My husband was always impatient with people who only had positive, glowing things to say about someone who had died. "What's up with that?" he would gripe, "Everyone knows that that person was probably a blankety-blank, yet because of death, s/he is suddenly the most wonderful person in the world! BS." Then he would roll his eyes and purse his lips in a characteristic look he had perfected. (impossible to describe, you just had to see it!) Thus, I'm going to honor him by talking about the REAL Mr. Stargazer too. :)
So, I have to say that, although he was a fantastic problem-solver and spontaneous(unlike me), he could also be arrogant. He often pretended to have had all the answers...and it was pointless to try to argue with him.There were things we could rarely discuss without anger, mainly politics, talk radio(he loved it/I hated it) and mistakes. He absolutely hated to admit that he'd made any and was very subtle about apologizing. That means that he would show me in some random way that he'd been wrong, versus just saying, "I'm sorry. I effed up."
He was also terrifically HARD to work for, as our nephew Brian would attest to. As a perfectionist, my husband was demanding and critical, both of himself and others. Many years ago though(before the cancer), Brian said at a family gathering, "Everything I've learned about work and a work ethic was from my Uncle Patt." That was with his own chronically unemployed and jerky dad sitting right there! Even Ashley came home from helping her dad on the job with these words: "It's scary! Dad is so different at work than he is at home!"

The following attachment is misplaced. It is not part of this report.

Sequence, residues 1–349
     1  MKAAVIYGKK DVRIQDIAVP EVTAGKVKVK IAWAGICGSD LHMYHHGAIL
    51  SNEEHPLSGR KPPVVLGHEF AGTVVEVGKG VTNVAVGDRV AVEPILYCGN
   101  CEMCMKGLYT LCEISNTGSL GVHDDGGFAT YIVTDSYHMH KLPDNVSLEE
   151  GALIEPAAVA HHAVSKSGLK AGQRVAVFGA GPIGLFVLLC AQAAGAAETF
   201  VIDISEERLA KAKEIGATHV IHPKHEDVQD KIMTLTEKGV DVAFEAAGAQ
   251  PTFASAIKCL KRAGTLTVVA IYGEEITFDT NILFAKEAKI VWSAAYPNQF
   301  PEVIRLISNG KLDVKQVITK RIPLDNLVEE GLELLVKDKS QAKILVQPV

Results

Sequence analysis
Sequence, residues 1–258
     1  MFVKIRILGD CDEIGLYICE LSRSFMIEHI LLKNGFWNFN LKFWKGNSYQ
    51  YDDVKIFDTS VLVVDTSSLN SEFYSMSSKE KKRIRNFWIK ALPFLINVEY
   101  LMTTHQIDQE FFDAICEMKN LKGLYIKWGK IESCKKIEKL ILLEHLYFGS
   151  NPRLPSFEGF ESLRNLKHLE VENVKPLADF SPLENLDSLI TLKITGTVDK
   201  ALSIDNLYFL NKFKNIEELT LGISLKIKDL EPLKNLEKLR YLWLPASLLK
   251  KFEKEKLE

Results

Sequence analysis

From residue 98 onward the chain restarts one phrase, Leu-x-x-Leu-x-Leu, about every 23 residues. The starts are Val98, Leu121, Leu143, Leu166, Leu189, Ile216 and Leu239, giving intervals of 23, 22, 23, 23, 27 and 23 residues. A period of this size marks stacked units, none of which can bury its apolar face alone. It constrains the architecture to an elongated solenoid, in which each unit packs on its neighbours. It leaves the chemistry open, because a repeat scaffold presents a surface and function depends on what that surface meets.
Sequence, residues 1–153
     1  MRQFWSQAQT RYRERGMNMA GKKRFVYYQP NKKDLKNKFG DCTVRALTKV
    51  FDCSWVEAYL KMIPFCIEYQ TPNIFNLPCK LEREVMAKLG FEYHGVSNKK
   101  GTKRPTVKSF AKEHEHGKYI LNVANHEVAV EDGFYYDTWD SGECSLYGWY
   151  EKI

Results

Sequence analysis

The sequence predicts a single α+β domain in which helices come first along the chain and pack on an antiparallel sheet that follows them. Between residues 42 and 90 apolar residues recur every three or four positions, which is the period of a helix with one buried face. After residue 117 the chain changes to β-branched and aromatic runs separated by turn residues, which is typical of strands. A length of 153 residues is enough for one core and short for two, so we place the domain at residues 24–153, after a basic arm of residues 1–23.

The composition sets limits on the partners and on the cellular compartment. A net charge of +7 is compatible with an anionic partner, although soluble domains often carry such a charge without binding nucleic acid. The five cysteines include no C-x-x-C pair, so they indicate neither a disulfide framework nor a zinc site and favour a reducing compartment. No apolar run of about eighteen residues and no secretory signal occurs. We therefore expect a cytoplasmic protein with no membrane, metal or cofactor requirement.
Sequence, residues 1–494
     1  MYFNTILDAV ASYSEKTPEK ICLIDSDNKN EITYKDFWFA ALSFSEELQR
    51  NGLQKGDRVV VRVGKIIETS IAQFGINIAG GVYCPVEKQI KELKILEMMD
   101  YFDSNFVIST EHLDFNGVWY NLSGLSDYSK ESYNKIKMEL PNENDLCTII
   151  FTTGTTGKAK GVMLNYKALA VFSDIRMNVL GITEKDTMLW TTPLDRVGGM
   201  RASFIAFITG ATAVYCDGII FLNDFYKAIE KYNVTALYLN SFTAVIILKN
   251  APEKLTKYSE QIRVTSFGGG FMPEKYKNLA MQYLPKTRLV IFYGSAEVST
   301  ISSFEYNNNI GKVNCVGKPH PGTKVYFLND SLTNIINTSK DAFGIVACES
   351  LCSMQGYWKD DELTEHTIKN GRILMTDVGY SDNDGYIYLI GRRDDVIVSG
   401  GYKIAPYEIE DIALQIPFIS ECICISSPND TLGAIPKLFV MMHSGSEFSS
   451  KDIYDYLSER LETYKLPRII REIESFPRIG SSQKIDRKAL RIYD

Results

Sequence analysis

This is that same nephew at my husband's interment--the only member of his family who showed up. Patt was impatient with people at times, but never gave up on those he believed in and Brian was one of those. When I was ready to throw in the towel over frustrations with situations, he would make me step away from the emotional cliff and THINK instead of just feel. Part of what I'm grieving is that I'll now have to do that for myself and I'm not sure how!
I'm also pondering the mysteries of 2008. During that year, our younger daughter did graduate from high school and our older one from the University of Washington. He was feeling healthy, yet in 2008 he insisted on a new will, as well as a community property agreement and secretly bought a life insurance policy(received the check today); could he have sensed cancer coming two years later? Lung cancer is a silent and fast killer, so I don't believe that's the answer. Looking back, I'm sure I can pinpoint September 2010 as when the cancer started to manifest itself, although we didn't know until he got pneumonia in early December 2010. He could be stubborn, irascible and opinionated, but oh, how I miss him, even the arguments. It would have been wonderful for him to be able to rejoice about the latest successes of the Seahawks because he kept saying near the end, "They're in the hunt!" (for the playoffs) I crave one more hug, one more "I love you." Like me, he was flawed, yet loved.